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Fortnite Battle Royale • Feb 14, 2019

‘Fresh Prince’ actor Alfonso Ribeiro’s Fortnite dance emote lawsuit gets surprising update

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‘Fresh Prince’ actor Alfonso Ribeiro’s Fortnite dance emote lawsuit gets surprising update
CNN / Epic Games

Alfonso Ribeiro, known for playing Carlton in popular 90’s sitcom ‘The Fresh Prince of Bel Air,’ took legal action against Fortnite developers Epic Games for using his famed dance in an emote - but it looks like things may not work out in his favor.

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According to a U. S. Copyright Office registration specialist, Ribeiro’s copyright for the ‘Carlton’ dance is being denied, as told in a statement to the actor’s attorney.

The specialist went on to break down the moves step-by-step, and argued that the routine is not eligible to be placed under copyright as a dance.

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“The combination of these three dance steps is a simple routine that is not registrable as a choreographic work,” the specialist stated, as reported by TMZ.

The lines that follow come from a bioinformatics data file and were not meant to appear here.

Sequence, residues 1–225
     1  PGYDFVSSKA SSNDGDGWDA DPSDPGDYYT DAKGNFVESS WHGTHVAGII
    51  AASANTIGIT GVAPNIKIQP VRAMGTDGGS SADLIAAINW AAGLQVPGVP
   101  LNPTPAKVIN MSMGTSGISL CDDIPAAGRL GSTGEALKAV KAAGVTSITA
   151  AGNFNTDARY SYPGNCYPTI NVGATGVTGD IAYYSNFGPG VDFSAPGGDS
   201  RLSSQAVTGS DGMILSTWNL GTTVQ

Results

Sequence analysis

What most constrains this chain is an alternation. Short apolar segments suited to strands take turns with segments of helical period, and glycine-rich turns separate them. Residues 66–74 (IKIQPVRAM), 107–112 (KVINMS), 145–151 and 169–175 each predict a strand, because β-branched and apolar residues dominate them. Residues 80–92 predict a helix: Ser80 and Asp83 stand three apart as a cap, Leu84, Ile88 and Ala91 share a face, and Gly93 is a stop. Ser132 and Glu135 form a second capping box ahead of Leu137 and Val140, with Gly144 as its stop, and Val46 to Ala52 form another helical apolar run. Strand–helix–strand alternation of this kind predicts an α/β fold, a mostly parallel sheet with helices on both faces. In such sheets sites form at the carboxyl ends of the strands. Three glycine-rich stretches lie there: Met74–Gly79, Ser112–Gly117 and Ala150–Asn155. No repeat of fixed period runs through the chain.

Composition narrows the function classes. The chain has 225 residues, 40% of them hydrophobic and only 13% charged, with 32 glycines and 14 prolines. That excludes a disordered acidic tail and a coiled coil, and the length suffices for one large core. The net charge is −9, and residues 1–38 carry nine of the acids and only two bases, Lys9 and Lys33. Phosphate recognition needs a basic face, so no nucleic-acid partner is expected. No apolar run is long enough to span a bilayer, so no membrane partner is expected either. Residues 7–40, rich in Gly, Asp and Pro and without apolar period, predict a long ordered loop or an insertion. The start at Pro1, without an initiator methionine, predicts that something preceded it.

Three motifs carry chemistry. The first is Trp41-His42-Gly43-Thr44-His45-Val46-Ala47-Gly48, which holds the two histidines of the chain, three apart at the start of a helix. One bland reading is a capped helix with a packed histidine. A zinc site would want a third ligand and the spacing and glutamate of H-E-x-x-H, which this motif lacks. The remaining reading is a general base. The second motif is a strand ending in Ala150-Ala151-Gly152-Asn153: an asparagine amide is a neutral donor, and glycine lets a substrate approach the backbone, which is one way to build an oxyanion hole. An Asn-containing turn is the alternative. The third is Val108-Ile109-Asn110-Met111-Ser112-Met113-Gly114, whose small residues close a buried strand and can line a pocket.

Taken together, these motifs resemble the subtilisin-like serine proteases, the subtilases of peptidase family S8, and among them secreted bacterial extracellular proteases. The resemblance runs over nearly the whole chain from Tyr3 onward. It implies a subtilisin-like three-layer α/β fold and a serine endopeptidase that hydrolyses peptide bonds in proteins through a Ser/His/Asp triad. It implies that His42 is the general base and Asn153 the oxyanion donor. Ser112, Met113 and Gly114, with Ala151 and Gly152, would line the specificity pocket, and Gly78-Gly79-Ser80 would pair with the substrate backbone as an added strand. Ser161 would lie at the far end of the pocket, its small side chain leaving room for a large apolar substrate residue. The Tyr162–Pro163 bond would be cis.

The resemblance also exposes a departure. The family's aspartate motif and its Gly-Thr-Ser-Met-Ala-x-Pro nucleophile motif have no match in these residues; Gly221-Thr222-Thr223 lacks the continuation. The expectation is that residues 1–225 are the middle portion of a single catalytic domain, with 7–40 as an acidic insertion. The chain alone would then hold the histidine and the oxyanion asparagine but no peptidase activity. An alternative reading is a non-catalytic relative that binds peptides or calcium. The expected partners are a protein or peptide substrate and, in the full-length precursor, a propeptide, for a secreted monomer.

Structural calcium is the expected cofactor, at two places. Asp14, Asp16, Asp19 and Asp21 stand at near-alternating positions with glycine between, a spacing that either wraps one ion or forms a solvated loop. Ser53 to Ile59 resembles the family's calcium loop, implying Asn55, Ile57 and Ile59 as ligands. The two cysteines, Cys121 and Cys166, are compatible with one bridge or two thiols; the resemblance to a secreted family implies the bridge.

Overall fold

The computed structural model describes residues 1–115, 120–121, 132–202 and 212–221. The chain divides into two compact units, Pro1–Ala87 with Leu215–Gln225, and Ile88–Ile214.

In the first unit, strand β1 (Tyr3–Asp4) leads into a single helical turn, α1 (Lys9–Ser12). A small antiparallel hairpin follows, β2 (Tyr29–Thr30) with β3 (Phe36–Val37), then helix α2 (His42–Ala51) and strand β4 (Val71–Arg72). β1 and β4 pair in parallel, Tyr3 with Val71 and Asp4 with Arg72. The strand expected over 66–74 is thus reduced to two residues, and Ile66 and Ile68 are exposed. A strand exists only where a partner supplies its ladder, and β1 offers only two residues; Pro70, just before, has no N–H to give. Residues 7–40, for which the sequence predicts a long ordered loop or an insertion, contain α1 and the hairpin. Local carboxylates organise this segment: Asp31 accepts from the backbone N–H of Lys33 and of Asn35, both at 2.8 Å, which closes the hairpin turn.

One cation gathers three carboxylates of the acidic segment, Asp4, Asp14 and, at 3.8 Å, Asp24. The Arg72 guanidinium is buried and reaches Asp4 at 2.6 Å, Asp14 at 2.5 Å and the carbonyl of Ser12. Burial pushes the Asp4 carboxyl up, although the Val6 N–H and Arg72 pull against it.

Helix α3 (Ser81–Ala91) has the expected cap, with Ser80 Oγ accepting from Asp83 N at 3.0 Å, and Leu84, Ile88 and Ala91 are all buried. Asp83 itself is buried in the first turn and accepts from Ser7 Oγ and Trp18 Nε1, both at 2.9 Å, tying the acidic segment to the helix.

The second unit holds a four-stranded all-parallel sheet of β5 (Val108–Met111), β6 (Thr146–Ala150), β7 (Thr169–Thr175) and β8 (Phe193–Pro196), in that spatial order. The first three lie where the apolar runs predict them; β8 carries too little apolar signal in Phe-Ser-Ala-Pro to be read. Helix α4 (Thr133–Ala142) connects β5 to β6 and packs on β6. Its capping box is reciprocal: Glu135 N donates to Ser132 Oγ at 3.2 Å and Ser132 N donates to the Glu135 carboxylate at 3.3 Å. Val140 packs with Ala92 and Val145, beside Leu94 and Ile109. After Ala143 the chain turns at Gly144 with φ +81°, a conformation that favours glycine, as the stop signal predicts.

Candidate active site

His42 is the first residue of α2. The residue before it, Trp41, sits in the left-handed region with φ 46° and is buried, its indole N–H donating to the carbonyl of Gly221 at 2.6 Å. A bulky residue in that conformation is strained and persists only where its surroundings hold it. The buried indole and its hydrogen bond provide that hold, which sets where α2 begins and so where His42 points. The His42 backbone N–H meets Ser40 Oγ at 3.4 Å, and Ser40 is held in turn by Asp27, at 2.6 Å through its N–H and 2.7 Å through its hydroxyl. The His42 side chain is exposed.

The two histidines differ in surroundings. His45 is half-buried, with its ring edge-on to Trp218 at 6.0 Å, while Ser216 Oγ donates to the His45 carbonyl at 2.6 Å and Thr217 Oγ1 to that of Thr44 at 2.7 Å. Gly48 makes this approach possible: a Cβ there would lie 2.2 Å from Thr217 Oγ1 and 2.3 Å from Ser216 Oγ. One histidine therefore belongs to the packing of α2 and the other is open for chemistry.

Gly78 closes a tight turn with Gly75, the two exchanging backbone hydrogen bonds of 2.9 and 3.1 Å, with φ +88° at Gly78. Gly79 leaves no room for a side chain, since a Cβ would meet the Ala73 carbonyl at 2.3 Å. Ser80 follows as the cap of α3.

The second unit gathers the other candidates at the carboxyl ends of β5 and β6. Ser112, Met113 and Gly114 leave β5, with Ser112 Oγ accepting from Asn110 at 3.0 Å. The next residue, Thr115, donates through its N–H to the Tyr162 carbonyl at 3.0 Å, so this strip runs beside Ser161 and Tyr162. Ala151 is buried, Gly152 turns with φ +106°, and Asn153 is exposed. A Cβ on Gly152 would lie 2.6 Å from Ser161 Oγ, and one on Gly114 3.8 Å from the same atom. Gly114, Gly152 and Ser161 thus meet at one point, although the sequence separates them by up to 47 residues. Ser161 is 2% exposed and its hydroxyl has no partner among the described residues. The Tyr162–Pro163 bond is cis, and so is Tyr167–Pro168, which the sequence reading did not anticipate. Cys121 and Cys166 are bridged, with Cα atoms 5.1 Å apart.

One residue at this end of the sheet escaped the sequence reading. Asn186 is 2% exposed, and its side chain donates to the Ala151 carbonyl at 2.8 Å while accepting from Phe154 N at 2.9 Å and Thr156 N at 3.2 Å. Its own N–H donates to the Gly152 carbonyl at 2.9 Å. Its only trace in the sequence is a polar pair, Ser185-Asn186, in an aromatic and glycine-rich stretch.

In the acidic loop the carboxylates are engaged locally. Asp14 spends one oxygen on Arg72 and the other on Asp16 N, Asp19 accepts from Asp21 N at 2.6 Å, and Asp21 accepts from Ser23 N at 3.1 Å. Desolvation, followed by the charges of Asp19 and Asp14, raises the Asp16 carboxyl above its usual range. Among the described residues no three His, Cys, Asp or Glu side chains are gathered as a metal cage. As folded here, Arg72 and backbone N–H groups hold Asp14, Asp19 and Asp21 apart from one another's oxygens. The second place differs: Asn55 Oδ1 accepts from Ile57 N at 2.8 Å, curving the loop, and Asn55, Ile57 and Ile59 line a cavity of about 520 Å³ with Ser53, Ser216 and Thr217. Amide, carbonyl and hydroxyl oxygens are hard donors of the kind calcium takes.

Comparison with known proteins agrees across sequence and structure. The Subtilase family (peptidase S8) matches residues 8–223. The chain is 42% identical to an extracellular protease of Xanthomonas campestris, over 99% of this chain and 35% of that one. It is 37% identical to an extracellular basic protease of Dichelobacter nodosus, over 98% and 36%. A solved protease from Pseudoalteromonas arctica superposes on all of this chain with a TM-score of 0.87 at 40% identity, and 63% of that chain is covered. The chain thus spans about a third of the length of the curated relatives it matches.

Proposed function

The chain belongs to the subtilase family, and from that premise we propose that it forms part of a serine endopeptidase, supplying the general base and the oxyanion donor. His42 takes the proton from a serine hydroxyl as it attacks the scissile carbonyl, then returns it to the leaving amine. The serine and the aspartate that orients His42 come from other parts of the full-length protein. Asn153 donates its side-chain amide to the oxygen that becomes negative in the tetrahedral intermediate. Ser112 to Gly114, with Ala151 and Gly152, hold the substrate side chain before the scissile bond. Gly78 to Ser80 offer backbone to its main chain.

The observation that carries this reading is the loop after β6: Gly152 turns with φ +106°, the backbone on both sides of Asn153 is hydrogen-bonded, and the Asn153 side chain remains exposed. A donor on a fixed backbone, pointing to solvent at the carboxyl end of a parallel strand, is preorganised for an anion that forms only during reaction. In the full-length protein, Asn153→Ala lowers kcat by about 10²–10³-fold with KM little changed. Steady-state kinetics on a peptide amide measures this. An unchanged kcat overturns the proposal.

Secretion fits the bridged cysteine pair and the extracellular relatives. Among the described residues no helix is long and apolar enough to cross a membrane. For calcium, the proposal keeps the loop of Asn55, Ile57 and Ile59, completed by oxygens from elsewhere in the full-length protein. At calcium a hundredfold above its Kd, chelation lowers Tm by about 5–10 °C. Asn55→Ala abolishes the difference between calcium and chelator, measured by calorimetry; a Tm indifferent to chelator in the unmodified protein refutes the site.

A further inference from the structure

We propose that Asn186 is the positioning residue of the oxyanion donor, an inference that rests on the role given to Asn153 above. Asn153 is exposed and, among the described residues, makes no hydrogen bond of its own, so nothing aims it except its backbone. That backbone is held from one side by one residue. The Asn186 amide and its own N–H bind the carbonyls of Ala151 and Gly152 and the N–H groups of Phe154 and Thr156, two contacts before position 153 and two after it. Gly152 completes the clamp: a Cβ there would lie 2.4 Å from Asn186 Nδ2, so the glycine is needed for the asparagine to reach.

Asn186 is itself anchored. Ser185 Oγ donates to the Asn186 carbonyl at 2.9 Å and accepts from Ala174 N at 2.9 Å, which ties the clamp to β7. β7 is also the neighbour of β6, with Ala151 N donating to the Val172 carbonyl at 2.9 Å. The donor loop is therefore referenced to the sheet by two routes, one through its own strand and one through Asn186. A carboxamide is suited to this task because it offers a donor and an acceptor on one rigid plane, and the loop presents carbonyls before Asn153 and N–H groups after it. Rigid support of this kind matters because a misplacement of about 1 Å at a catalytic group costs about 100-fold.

Ribeiro filed a lawsuit against both Epic Games and the developers of NBA 2K for using his dance as an in-game emote, claiming that his “likeness and intellectual property have been misappropriated.” 

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However, investigators quickly found a 2012 interview with TMZ, where the actor admitted that he'd gained inspiration for the dance from Courtney Cox and Eddie Murphy - leading to mass speculation regarding he legitimacy of Rebeiro's claim to the moves.

While his lawsuits against both companies remain active, his lack of copyright claim over the ‘Carlton’ dance could hurt his chances of success.

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Ribeiro's 'Carlton' dance isn't eligible for a copyright claim - which could hurt his chances against Fortnite devs Epic Games.

Ribeiro isn’t the only celeb to take action against Epic Games, either; American rappers 2 Milly and BlocBoy JB have also gotten in on the action, with Epic themselves claiming that “no one can own a dance step” in response to Milly’s lawsuit.

Internet celebs ‘Backpack Kid’ and ‘Orange Shirt Kid’ are likewise seeking restitution from the company for use of their ‘Floss’ and ‘Orange justice’ dances.

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